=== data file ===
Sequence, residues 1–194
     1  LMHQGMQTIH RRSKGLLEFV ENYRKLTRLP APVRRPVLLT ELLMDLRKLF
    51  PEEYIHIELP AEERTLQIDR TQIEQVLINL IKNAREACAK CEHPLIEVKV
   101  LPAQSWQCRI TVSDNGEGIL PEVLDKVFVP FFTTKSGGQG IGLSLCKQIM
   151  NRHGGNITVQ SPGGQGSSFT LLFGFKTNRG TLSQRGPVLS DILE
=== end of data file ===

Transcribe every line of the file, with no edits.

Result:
Sequence, residues 1–194
     1  LMHQGMQTIH RRSKGLLEFV ENYRKLTRLP APVRRPVLLT ELLMDLRKLF
    51  PEEYIHIELP AEERTLQIDR TQIEQVLINL IKNAREACAK CEHPLIEVKV
   101  LPAQSWQCRI TVSDNGEGIL PEVLDKVFVP FFTTKSGGQG IGLSLCKQIM
   151  NRHGGNITVQ SPGGQGSSFT LLFGFKTNRG TLSQRGPVLS DILE